“Entertainment art is kind of foreign to a lot of people,” says Paul Sullivan, a Colorado born-and-bred illustrator and one of the creative and conceptual forces behind 20th Century Fox’s 2014 animated film The Book of Life. Sullivan also worked on Megamind (released by Paramount Pictures in 2010), and he’s been big into the gaming scene, involved with popular titles like Tomb Raider, Iron Man and X-Men.
Still, some people don't consider digitally animated films and video games an art form, he says, and that's a misconception Sullivan plans to deal with at Ideation to Creation: The Art of Paul Sullivan, which opens at ArtGym Denver with a reception from 5 to 8 p.m. on Thursday, June 18.
Often the real creative work behind cinematic entertainment is hidden because viewers only see the final result of an artistic process that can take years to complete. “Everything starts with a pencil on paper," say Sullivan. "You create this stuff in 2D, and a lot of times it just gets translated into 3D and you don’t see the original artwork that was behind it.”
To complicate things further, Sullivan adds, “There are a lot of extremely talented people in the entertainment industry, but because of ownership rights studios own everything you are working on until you’re finished, and sometimes the products are never released.”
This show will give viewers “an inside look at the pencil-and-paper creation stage,” says Sullivan. From the initial drawing to storyboards and final shots in films, the exhibit will showcase art from the various stages of development, and viewers will also have access to a sketch wall of looseleaf paper sketches and time-lapse videos revealing his digital painting process.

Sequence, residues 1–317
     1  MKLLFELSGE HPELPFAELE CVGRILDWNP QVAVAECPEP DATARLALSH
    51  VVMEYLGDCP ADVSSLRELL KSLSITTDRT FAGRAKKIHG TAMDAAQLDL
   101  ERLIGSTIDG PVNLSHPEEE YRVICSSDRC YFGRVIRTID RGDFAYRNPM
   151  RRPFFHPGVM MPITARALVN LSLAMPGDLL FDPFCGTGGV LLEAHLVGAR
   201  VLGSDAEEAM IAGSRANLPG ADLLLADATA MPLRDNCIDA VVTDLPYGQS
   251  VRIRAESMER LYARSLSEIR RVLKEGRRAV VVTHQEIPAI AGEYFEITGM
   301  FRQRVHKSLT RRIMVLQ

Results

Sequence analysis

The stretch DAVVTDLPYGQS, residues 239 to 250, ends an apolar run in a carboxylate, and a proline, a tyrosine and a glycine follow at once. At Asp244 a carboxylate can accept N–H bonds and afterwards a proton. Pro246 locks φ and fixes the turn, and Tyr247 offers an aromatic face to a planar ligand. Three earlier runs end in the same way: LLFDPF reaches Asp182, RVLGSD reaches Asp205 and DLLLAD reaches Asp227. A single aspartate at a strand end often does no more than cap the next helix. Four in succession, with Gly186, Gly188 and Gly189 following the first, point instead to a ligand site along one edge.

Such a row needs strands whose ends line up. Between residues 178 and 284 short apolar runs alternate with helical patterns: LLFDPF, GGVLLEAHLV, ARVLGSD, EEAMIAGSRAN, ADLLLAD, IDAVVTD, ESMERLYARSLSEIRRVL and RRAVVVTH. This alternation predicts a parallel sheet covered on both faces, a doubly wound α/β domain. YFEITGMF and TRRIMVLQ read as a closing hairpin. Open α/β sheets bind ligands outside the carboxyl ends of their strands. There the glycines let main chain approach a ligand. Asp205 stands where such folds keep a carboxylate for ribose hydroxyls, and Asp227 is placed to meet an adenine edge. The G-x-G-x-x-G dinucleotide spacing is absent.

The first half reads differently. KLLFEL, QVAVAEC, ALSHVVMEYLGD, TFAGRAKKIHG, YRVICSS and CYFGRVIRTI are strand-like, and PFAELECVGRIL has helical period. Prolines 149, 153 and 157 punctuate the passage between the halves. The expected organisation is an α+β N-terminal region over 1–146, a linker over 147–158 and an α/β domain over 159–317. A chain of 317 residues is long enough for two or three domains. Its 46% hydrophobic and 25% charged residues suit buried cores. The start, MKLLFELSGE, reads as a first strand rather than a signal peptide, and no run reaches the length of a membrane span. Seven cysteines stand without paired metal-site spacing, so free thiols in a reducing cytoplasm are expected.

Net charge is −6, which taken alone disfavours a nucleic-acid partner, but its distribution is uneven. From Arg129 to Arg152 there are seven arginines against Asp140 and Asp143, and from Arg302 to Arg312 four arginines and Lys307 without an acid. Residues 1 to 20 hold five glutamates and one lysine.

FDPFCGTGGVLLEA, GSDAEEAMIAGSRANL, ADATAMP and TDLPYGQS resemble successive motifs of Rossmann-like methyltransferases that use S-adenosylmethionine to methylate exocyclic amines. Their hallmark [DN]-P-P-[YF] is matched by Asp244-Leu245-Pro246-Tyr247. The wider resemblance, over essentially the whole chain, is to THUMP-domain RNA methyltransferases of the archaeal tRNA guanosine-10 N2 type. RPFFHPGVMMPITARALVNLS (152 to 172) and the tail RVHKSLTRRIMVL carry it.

The exhibition coincides with the launch of ArtGym’s digital programming. Says curator Elke McGuire, “We wanted a local artist who could show the process of how digital art is made, and we couldn’t think of anyone better than Paul.”
This is the artist’s inaugural showing in the American art scene, though in 2008 Sullivan was asked to participate an international video-game art show in Northern Italy with twelve other entertainment artists. The exhibit at ArtGym is a really great opportunity to bring awareness about entertainment art to the Denver community, and to show the value of it in a gallery setting," says Sullivan. “I love design, I love playing with shapes, and I love color,” he continues. “I think about things in a very general way before going into detail.”
No matter what he’s working on, Sullivan always researches his subjects thoroughly (that’s the nature of entertainment art). After that, he notes, “it is about applying design knowledge and color theory to that."
Local fiber artist Karen Sullivan nurtured her son’s passion for drawing, encouraging him to pursue art from a very early age. After graduating high school in Arvada, Sullivan went to the Rocky Mountain College of Art and Design, where he studied illustration under Larry Kresek and minored in animation. From there, Sullivan began exploring entertainment art while working with area filmmaker Alexandre Philippe, perhaps best known for his 2010 documentary The People vs. George Lucas.
“I really launched into my career when I moved to the San Francisco Bay Area in 2003,” recalls Sullivan. That’s when he started doing concept art for a video-game company — a gig that “spring-boarded me into working on animated films."
Sullivan went to DreamWorks Animation to help produce Megamind and then he bounced between games and films, squeezing young adult book-cover illustration for HarperCollins Publishers and Penguin Random House into his nights and weekends. In 2009, Sullivan had the opportunity to work with director Jorge Gutierrez, and he was intimately involved with The Book of Life from the early developmental process on, eventually coming into the roles of art director and co-production designer.
After a few exhilarating (and exhausting!) years of splitting time between Dallas and Los Angeles, Sullivan and his family moved back to Colorado, where the entertainment artist is currently conspiring with Gutierrez on his next project, an untitled kung fu space western.
Sullivan's show will run until August, and he'll give an informal talk at ArtGym at 3 p.m. Saturday, June 27. “This is for people who want a more in-depth look at the process,” he says. For more information on Sullivan and his work, visit his website.
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